Now that Roe vs. Wade is expected to be overturned, many politicians are calling for legislation to protect the right to an abortion to be passed on the federal level. But on what grounds could the federal government legalize abortions in all 50 states? Would they be forced to open federal "abortion clinics" to prevent state jurisdiction? Are there similar precedents of the Federal government legalizing something against the wishes of the states?
The federal government has the power to regulate interstate commerce, and the current definition is incredibly broad -- certainly broad enough to include the provision of abortions.
If it were challenged, the government would likely rely on Gonzales v. Raich, 545 U.S. 1 (2005). In Gonzales, two patients who used medical marijuana as authorized by state law challenged the federal government's laws prohibiting the use of medical marijuana. They argued that because they were growing their own marijuana, because it never left the state, and because it was for personal, noncommercial use, it was outside Congress' authority to regulate interstate commerce. But the Supreme Court rejected their arguments, holding that Congress could use its Commerce Clause authority to enact health-care laws regulating access to marijuana and pre-empt contradictory state health-care laws.
The federal government's case for regulating abortions would be event stronger than its case in Gonzales: First, because obtaining an abortion is typically a commercial enterprise; it is likely covered by insurance, and even if it patient isn't charged, someone is likely paying the doctor money to perform it. Also, abortions more obviously implicate interstate commerce because patients frequently travel from state to another to obtain one, because clinics order supplies and services from outside the state, and because they rely on instrumentalities of interstate commerce (highways, telephone lines, the Internet) to do their job.
Indeed, as far as I know, every court to consider the issue has concluded that regulating access to abortion is a straightforward application of the Commerce Clause. See, e.g., Terry v. Reno, 101 F.3d 1412, 1418 (D.C. Cir. 1996) (“Violent and obstructive activity outside abortion clinics adversely affects interstate commerce in reproductive health services. In enacting the Access Act, Congress did not exceed its Commerce Clause power.”); Cheffer v. Reno, 55 F.3d 1517, 1520-21 (11th Cir. 1995) (“Congress found that doctors and patients often travel across state lines to provide and receive services, id.; in other words, there is an interstate market both with respect to patients and doctors. In addition, the clinics receive supplies through interstate commerce. ... Congress' findings are plausible and provide a rational basis for concluding that the Access Act regulates activity which "substantially affects" interstate commerce. Thus, the Access Act is a constitutional exercise of Congress' power under the Commerce Clause.”); U.S. v. Wilson, 73 F.3d 675, 688 (7th Cir. 1995) (“the Access Act may be viewed as a direct regulation of interstate commerce and confirms once again that the Act is well within Congress's power to legislate under the Commerce Clause.”).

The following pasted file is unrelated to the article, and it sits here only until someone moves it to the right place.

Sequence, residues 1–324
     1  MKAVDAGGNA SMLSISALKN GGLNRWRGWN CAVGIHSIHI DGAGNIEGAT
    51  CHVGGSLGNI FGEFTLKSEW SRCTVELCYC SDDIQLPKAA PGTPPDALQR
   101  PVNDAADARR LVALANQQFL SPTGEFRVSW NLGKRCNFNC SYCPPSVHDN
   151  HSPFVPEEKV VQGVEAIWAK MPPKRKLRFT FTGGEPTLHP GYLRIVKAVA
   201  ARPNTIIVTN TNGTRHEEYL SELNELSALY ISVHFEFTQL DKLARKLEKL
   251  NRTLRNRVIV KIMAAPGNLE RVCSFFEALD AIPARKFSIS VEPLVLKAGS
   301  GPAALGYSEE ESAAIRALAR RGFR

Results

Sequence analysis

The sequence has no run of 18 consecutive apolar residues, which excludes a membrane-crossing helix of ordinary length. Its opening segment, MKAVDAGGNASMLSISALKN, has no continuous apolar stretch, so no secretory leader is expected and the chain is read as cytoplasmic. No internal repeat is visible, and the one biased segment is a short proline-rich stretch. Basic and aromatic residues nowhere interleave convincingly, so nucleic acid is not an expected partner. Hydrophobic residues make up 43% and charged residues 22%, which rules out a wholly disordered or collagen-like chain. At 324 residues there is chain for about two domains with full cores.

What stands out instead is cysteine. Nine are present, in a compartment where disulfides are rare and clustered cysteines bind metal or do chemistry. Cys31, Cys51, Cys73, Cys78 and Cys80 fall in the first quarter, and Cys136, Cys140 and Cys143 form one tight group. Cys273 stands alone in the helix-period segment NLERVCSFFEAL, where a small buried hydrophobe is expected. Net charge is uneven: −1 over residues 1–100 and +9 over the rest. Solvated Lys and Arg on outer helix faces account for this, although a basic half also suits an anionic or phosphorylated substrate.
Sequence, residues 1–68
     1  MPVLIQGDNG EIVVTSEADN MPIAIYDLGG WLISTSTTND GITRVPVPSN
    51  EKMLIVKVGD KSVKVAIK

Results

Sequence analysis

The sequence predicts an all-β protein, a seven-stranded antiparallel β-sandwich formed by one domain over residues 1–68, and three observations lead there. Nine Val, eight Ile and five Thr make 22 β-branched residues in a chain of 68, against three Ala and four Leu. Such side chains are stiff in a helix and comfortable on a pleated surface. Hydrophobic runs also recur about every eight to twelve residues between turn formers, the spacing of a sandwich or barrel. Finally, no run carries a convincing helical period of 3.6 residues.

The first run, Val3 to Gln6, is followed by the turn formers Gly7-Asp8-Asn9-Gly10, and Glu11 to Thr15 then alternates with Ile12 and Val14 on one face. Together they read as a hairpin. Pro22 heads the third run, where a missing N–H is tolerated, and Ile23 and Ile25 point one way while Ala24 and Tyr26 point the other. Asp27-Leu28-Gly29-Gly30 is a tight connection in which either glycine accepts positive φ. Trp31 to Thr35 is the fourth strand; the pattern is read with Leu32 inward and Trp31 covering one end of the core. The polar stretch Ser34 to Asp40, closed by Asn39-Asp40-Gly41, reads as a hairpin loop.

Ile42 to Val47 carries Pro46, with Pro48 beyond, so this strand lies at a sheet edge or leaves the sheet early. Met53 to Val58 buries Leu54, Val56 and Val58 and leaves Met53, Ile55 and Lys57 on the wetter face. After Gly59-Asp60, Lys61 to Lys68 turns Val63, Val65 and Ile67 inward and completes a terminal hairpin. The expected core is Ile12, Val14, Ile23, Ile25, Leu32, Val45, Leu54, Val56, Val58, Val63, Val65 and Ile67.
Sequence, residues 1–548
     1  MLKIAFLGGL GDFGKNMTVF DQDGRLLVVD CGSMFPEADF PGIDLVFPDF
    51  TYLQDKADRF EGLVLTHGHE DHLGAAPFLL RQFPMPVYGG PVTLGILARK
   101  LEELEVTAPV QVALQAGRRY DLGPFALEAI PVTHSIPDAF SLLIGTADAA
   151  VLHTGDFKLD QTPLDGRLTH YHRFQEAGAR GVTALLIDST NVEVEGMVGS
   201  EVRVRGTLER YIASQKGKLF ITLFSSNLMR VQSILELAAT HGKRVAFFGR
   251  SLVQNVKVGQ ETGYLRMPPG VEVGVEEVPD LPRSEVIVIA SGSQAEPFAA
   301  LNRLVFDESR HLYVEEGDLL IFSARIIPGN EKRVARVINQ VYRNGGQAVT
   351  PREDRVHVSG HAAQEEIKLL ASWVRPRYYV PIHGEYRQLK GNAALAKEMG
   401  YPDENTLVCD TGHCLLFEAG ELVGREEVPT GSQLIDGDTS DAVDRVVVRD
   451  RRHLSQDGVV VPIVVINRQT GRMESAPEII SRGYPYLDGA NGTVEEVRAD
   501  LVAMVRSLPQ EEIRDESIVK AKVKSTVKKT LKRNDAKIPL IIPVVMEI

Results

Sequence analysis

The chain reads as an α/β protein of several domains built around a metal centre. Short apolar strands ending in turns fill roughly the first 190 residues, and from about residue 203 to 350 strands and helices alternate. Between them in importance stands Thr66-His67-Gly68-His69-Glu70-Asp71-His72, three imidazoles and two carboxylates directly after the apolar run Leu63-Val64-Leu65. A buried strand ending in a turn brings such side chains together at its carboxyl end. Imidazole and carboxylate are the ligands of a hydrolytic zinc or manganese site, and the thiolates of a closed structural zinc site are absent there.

Reacting to Dobbs, then, Congress could write a law finding that existing state laws pose a threat to the interstate markets for providing and receiving reproductive services, and then rely on those findings to say that the only limits on abortion are X, Y, and Z, and that states may not impose any additional restrictions.
Could Congress, by preempting state law, make abortion legal in all 50 states? The only thing thing that really matters is whether the Supreme Court would uphold such a law (and it would inevitably end up in front of the Supreme Court). I think it's unlikely, given the current conservative majority on the Court, that it would be upheld.
It appears to be well-established that Congress has broad power to ban things, as long as the Supreme Court is persuaded that those things are a form of "commerce" (and the bar for this is not high). The constitutionality of the Partial-Birth Abortion Ban Act of 2003 was upheld by the Supreme Court in Gonzales v. Carhart. The Opinion of the Court stated that Congress has the power under the Commerce Clause to "regulate the medical profession". Gonzales v. Raich, involving production and consumption of cannabis where no actual commercial activity occurred, and Wickard v. Filburn, involving wheat production where no actual commercial activity occurred, are earlier cases on the same theme.